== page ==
He must have been at or near the Hollywood substation because he was in the office inside twenty minutes. He planted himself in the customer's chair and crossed his legs and growled:
"I was out of line. Sorry. Forget it."
"Why forget it? Let's open up the wound."
"Suits me. Under the hat, though. To some people you're a wrong gee. I never knew you to do anything too crooked."
"What was the crack about twenty-dollar shirts?"
"Aw hell, I was just sore," Ohls said. "I was thinking of old man Potter. Like he told a secretary to tell a lawyer to tell District Attorney Springer to tell Captain Hernandez you were a personal friend of his."
"He wouldn't take the trouble."
"You met him. He gave you time."
"I met him, period. I didn't like him, but perhaps it was only envy. He sent for me to give me some advice. He's big and he's tough and I don't know what else. I don't figure he's a crook."
"There ain't no dean way to make a hundred million bucks," Ohls said. "Maybe the head man thinks his hands are clean but somewhere along the line guys got pushed to the wall, nice little businesses got the ground cut from under them and had to sell out for nickels, decent people lost their jobs, stocks got rigged on the market, proxies got bought up like a pennyweight of old gold, and the five per centers and the big law firms got paid hundred-grand fees for beating some law the people wanted but the rich guys didn't, on account of it cut into their profits. -Big money is big power and big power gets used wrong. It's the system. Maybe it's the best we can get, but it still ain't any Ivory Soap deal."
"You sound like a Red," I said, just to needle him. "I wouldn't know," he said contemptuously. "I ain't been investigated yet You liked the suicide verdict, didn't you?"
"What else could it be?"
"Nothing else, I guess." He put his hard blunt hands on the desk and looked at the big brown freckles on the backs of them. "I'm getting old. Keratosis, they call those brown spots. You don't get them until you're past fifty. I'm an old cop and an old cop is an old bastard. I don't like a few things about this Wade death."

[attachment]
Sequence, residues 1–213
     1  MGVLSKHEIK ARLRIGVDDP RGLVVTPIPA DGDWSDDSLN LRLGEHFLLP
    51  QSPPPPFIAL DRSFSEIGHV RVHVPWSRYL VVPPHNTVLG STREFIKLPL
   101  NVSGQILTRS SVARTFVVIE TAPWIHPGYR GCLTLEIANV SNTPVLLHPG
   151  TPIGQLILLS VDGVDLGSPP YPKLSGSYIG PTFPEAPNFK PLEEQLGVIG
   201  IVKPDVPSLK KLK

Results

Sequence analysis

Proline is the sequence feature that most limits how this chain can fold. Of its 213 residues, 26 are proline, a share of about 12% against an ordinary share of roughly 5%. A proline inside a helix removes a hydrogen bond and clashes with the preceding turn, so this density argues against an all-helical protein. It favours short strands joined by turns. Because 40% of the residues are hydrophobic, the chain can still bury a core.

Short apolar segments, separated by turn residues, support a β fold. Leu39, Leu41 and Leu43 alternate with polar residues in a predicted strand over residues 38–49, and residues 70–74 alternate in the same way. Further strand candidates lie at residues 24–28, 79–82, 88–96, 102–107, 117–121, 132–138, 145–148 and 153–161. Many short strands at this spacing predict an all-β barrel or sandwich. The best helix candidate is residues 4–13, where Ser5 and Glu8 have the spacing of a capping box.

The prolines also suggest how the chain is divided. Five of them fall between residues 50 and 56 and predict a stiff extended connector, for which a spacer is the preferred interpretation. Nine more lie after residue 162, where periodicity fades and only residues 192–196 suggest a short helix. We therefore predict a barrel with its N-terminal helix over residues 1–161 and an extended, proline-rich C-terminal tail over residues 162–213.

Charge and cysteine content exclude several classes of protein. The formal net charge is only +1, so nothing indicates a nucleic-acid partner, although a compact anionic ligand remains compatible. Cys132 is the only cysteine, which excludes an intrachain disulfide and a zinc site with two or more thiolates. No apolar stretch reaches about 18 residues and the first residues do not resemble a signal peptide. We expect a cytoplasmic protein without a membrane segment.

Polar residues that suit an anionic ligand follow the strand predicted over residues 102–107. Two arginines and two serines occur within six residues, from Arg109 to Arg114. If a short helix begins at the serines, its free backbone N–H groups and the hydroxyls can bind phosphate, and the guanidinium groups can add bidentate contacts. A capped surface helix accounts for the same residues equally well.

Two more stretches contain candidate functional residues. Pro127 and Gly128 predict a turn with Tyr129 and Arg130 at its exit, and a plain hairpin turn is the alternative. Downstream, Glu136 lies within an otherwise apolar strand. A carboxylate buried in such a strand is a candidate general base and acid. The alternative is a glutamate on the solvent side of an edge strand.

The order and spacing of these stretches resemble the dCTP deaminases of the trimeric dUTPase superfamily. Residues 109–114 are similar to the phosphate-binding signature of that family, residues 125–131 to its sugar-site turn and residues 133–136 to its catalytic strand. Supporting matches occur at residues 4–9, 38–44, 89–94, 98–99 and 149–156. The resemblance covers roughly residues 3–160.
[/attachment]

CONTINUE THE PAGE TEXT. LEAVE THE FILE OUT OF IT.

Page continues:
"Such as?" I leaned back and watched the tight sun wrinkles around his eyes.
"You get so you can smell a wrong setup, even when you know you can't do a damn thing about it. Then you jttst sit and talk like now. I don't like that he left no note."
"He was drunk. Probably just a sudden crazy impulse."
Ohls lifted his pale eyes and dropped his hands off the desk. "I went through his desk. He wrote letters to himself. He wrote and wrote and wrote. Drunk or sober he hit that typewriter. Some of it is wild, some of it kind of funny, and some of it is sad. The guy had something on his mind.
He wrote all around it but he never quite touched it. That guy would have left a two-page letter if he knocked himself off."
"He was drunk," I said again.
"With him that didn't matter," Ohls said wearily. "The next thing I don't like is he did it there in that room and left his wife to find him. Okay, he was drunk. I still don't like it. The next thing I don't like Is he pulled the trigger just when the noise of that speedboat could drown out the shot What difference would it make to him? More coinddence, huh? More coinddence still that the wife forgot her door keys on the help's day off and had to ring the bell to get into the house."
"She could have walked around to the back," I said.
"Yeah, I know. What I'm talking about is a situation. Nobody to answer the door but you, and she said on the stand she didn't know you were there. Wade wouldn't have heard the bell if he bad been alive and working in his study. His door is soundproofed. The help was away, That was Thursday. That the forgot. Like she forgot her keys."
"You're forgetting something yourself, Bernie. My car was in the driveway. So she knew I was there-or that somebody was there-before the rang the bell."